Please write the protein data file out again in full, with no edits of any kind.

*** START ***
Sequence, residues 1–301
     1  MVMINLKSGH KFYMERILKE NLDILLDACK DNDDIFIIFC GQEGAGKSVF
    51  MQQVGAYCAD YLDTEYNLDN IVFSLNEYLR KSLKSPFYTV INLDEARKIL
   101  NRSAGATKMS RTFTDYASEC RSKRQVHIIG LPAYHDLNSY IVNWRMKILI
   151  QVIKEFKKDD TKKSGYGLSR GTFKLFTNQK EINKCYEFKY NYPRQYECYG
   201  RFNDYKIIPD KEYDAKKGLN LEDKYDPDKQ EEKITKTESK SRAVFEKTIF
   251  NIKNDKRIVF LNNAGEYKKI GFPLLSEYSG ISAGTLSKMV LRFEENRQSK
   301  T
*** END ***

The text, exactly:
Sequence, residues 1–301
     1  MVMINLKSGH KFYMERILKE NLDILLDACK DNDDIFIIFC GQEGAGKSVF
    51  MQQVGAYCAD YLDTEYNLDN IVFSLNEYLR KSLKSPFYTV INLDEARKIL
   101  NRSAGATKMS RTFTDYASEC RSKRQVHIIG LPAYHDLNSY IVNWRMKILI
   151  QVIKEFKKDD TKKSGYGLSR GTFKLFTNQK EINKCYEFKY NYPRQYECYG
   201  RFNDYKIIPD KEYDAKKGLN LEDKYDPDKQ EEKITKTESK SRAVFEKTIF
   251  NIKNDKRIVF LNNAGEYKKI GFPLLSEYSG ISAGTLSKMV LRFEENRQSK
   301  T